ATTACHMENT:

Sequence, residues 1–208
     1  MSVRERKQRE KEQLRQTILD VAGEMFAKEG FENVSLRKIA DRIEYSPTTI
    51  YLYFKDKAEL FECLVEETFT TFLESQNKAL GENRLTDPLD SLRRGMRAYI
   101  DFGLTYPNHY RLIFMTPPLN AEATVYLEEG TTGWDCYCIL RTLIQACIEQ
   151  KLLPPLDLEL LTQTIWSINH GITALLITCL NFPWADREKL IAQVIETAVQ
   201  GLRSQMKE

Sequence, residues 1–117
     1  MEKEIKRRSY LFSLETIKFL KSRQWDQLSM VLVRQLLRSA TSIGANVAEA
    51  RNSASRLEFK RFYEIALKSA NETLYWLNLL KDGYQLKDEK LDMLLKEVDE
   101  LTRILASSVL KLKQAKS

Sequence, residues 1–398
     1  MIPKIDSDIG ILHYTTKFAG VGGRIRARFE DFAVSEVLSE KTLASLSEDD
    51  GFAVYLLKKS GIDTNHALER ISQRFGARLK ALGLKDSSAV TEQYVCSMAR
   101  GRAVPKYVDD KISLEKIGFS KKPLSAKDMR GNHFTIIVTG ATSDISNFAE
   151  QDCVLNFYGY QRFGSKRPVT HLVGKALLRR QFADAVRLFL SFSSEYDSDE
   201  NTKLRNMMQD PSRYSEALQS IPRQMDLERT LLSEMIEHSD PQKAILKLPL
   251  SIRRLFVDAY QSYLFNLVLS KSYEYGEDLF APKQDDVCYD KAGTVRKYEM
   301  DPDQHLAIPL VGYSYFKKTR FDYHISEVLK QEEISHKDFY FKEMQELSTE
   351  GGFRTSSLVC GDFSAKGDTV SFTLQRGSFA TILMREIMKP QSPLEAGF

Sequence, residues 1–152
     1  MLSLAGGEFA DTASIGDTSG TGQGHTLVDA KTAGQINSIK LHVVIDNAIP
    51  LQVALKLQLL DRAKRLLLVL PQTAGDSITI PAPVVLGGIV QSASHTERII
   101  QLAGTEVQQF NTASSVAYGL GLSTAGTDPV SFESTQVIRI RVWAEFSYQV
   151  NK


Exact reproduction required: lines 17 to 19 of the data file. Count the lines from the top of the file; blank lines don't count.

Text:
   251  SIRRLFVDAY QSYLFNLVLS KSYEYGEDLF APKQDDVCYD KAGTVRKYEM
   301  DPDQHLAIPL VGYSYFKKTR FDYHISEVLK QEEISHKDFY FKEMQELSTE
   351  GGFRTSSLVC GDFSAKGDTV SFTLQRGSFA TILMREIMKP QSPLEAGF